Land management for biodiversity

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Nature conservation is largely delivered through the identification, protection and management of sites. Appropriate land management is critical in sustaining ecological quality to conserve and enhance habitats and species effectively, and these often need to be tailored to the circumstances of the individual site.

In addition, many habitats and species in London are vulnerable to significant visitor pressures, competing uses, pets, pollution, and the impacts of some invasive non-native species.
The local context of each site, and its particular conservation objectives, is key to determining the appropriate techniques to be used, which should be identified through a site management planning process. In London we have a highly fragmented mosaic of wildlife habitats, and therefore the emphasis on conservation is to protect and enhance these, and where possible to enlarge and reconnect them.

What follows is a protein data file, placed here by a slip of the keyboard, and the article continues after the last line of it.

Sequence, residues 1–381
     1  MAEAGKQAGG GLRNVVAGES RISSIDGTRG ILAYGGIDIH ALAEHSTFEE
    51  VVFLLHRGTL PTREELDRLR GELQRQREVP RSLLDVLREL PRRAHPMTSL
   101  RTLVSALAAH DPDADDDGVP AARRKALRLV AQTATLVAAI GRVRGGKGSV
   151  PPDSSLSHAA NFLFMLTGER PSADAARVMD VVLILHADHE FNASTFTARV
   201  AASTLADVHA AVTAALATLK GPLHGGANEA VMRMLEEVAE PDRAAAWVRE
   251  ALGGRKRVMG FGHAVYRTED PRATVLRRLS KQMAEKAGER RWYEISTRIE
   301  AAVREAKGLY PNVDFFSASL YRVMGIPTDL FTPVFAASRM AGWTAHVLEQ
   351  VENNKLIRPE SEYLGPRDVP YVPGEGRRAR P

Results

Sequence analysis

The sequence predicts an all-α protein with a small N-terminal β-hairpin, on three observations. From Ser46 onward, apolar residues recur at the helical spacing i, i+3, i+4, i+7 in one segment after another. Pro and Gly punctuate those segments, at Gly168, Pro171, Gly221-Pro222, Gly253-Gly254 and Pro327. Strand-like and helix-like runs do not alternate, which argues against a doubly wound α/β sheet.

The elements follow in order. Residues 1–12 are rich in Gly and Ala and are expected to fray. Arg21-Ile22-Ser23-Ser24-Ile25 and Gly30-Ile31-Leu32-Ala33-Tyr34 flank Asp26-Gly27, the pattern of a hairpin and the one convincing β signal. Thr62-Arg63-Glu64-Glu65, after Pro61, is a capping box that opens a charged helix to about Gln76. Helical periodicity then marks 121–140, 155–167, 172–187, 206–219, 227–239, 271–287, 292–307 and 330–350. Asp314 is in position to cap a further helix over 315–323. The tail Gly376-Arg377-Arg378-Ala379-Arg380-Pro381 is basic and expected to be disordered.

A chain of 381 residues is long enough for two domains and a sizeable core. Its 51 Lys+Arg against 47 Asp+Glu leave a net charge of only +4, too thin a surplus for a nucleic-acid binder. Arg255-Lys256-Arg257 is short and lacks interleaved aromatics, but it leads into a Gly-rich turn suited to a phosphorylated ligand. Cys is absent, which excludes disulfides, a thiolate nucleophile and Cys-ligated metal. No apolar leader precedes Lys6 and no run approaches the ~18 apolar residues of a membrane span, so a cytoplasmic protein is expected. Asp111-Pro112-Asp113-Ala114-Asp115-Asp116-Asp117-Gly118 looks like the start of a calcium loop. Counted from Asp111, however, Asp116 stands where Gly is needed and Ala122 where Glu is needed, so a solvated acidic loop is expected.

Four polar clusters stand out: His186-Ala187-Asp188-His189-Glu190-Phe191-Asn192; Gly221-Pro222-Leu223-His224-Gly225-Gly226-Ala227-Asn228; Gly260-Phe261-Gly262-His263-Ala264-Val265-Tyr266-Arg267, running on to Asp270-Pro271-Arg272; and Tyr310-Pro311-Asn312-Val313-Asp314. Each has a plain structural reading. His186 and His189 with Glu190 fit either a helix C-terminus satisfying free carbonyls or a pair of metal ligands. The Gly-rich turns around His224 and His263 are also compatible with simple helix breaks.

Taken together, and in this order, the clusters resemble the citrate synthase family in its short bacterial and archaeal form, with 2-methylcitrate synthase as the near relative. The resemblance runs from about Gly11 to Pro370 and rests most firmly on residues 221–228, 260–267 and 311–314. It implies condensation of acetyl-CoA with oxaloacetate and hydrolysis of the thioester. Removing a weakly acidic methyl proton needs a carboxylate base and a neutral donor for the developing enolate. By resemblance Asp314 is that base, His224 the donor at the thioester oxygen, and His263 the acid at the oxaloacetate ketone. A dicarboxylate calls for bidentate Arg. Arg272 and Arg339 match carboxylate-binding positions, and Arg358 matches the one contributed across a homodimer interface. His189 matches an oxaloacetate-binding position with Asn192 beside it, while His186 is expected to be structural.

With our experience of managing over 40 nature reserves across London we are in an ideal position to advise on the appropriate improvement and management of sites where nature conservation is considered to be important.
We can advise land owners on improvements to habitats, maintenance regimes, management plans, staff training programmes and how to involve volunteers in consultation and subsequent management of sites.

Tump 53 – Wild about Thamesmead

Tump 53 is a former munitions testing site which is now a beautiful nature reserve in the heart of Thamesmead in south east London. The Wild about Thamesmead campaign secured funding from the Big Lottery - People’s Millions to re-open the site in 2013, and was a partnership between Gallions Peabody Group, Trust Thamesmead and London Wildlife Trust.
Its aim was to turn this disused nature reserve back into a valued community resource for all the people of Thamesmead, thus improving residents’ access to wild space and positively impacting on their quality of life.
To enable the site to continue to benefit both people and wildlife, a five year management plan was commissioned to provide guidance on the key habitats and wildlife needs of the site.
The report covers all aspects of the site including;
  • Site history
  • Ecological background
  • Evaluation
  • Site management